There are over three million trees and more than one million people in our community, all in projects in 16 countries all over the world.
In order to guarantee long-term growth and, above all, the sustainable care of these trees, our projects are all deeply rooted in local communities. And they all follow certain rules that we have developed for cooperation with local partners.
We call it the Treedom Standard. These are the four main principles.
1. Factuality and uniqueness
The project developer must provide proof of the planting and of the expected positive impact on the local ecosystem that will be achieved with the project. The following information is required for every tree: type, GPS data, photo, project manager, estimated CO2 storage
The Treedom Standard incorporates the principle of additionality established by the Kyoto Protocol. Each project must increase the CO2 storage over the level of that without the project activity. In other words, there must be a greater reduction in carbon than that of the baseline scenario.
The aim of the projects must be to ensure the durability of the social benefit and CO2 storage. To this end, the projects must never involve deforestation, even at the end of the project cycle. The projects must all follow the rules of the agroforestry approach.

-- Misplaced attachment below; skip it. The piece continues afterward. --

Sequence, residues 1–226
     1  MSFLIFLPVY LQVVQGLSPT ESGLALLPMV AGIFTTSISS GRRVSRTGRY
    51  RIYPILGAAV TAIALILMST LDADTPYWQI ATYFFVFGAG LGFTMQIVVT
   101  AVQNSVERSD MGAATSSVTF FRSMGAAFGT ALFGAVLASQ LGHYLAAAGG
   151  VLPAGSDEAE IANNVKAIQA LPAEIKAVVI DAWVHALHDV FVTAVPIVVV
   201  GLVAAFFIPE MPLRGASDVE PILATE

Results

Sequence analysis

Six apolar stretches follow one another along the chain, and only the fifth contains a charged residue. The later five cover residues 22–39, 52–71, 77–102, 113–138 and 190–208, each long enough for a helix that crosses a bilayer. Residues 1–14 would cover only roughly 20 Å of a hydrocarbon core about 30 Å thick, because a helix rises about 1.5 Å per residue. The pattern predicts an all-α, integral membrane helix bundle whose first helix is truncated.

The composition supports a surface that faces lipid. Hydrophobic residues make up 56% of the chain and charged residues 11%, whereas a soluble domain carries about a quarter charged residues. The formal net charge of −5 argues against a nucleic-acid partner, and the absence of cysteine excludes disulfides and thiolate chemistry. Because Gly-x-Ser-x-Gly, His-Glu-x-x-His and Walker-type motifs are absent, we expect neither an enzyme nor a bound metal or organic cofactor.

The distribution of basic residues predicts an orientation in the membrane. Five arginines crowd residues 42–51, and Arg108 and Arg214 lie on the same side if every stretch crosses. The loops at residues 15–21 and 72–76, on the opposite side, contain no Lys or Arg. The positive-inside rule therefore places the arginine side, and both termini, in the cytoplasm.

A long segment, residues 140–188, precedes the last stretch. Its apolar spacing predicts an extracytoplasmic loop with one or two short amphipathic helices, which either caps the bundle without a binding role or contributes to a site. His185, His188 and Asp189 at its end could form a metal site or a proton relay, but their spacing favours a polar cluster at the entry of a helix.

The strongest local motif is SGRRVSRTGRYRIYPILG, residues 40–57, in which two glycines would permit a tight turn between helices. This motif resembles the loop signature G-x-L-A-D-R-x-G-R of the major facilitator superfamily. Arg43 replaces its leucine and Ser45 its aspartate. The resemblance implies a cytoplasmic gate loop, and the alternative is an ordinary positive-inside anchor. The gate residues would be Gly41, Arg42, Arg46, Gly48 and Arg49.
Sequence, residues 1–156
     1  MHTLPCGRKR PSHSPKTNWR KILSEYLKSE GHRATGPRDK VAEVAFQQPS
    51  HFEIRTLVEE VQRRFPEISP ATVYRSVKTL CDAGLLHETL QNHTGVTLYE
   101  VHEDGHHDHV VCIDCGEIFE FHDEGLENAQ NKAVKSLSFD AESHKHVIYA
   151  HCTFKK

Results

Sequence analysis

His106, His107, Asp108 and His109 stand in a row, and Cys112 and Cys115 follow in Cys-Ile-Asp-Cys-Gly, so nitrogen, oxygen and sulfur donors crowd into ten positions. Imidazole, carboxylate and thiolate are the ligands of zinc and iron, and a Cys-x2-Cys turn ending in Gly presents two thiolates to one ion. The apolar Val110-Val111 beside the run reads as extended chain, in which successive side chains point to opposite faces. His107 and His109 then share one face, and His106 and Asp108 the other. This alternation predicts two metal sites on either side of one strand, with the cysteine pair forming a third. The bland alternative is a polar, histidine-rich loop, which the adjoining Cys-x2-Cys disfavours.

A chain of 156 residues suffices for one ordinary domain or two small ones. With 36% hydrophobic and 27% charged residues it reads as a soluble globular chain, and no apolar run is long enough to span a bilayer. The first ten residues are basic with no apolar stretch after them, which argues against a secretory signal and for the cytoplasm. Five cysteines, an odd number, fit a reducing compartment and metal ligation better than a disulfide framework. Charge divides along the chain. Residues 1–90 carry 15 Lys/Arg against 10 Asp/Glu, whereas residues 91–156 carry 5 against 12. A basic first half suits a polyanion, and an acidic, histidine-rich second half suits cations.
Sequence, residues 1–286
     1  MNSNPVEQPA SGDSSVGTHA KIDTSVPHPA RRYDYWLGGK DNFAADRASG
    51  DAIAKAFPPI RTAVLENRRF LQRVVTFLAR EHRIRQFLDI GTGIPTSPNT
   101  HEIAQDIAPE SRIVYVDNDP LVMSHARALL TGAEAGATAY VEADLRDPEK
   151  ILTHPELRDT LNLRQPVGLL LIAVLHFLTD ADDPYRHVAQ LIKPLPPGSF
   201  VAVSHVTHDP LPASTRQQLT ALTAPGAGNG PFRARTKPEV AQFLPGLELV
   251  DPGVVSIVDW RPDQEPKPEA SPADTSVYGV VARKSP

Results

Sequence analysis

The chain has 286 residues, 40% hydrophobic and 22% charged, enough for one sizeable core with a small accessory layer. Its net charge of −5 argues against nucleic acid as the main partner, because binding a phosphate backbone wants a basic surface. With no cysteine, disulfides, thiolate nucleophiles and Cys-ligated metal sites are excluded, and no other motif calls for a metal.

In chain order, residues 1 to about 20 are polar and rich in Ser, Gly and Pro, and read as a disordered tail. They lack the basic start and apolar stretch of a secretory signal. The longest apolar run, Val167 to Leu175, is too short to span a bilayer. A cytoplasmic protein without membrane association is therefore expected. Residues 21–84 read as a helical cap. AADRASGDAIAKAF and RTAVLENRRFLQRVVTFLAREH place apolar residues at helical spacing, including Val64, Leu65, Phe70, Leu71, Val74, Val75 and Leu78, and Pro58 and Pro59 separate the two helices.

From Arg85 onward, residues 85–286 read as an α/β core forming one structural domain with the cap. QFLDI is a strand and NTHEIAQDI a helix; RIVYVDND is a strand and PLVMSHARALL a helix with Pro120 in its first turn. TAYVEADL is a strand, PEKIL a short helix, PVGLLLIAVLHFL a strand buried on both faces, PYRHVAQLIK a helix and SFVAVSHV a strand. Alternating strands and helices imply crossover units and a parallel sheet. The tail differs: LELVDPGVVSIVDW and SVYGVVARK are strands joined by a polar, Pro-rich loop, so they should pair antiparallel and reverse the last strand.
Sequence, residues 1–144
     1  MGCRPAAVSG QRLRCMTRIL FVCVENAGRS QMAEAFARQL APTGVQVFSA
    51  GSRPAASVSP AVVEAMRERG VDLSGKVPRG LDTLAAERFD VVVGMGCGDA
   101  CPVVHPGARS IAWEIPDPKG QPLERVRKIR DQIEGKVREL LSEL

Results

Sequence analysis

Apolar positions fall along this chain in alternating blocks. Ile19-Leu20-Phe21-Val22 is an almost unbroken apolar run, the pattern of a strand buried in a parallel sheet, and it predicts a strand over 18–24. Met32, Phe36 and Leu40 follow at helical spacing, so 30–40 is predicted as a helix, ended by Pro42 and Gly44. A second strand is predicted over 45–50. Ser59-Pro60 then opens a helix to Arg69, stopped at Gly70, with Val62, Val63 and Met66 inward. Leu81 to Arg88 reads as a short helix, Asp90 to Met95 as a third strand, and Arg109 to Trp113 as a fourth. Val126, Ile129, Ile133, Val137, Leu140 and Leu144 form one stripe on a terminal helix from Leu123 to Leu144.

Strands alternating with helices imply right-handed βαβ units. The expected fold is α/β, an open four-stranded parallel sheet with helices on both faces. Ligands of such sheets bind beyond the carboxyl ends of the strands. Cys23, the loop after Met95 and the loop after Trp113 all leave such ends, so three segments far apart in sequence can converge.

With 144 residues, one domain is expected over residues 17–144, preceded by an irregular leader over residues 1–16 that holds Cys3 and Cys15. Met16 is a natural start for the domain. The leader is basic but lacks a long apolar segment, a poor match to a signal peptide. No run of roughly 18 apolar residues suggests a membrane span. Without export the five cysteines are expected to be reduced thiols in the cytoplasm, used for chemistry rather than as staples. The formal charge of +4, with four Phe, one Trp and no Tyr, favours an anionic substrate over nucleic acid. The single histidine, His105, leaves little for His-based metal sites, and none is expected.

4.1 Ecological sustainability
No negative changes are to be made to the soil in the project areas, and existing trees must be preserved. Only local species that do not adversely affect the fauna are to be used for reforestation. Species that are typically planted for timber production may only be included in the project if they are also beneficial elsewhere in it.
4.2 Social sustainability
At the heart of any project is a community of people and their needs. Benefits for the local ecosystem and empowering the community to participate in a project are of equal importance. Active involvement is the core idea from the planning to the implementation of a project – without distinction between gender, ethnic background, social origin, religious beliefs and political orientation. The partner must take this social sustainability into account in the coordination of the project.
4.3 Economic sustainability
The projects must create economic benefits for the local community. This includes a subsidy for tree planting, new jobs, training, and an economic return. In line with the principle of durability, economic sustainability is never created by selling wood. The distribution between the people actively involved in the project and the other members of the local community must be managed.
We only consider working with a potential partner if they ensure compliance with these principles (and a number of other requirements).
The Treedom Standard also contains concrete information on the project structure and procedure, legal issues of reporting, and much more. Those who are curious and wish to know more can read about it here.
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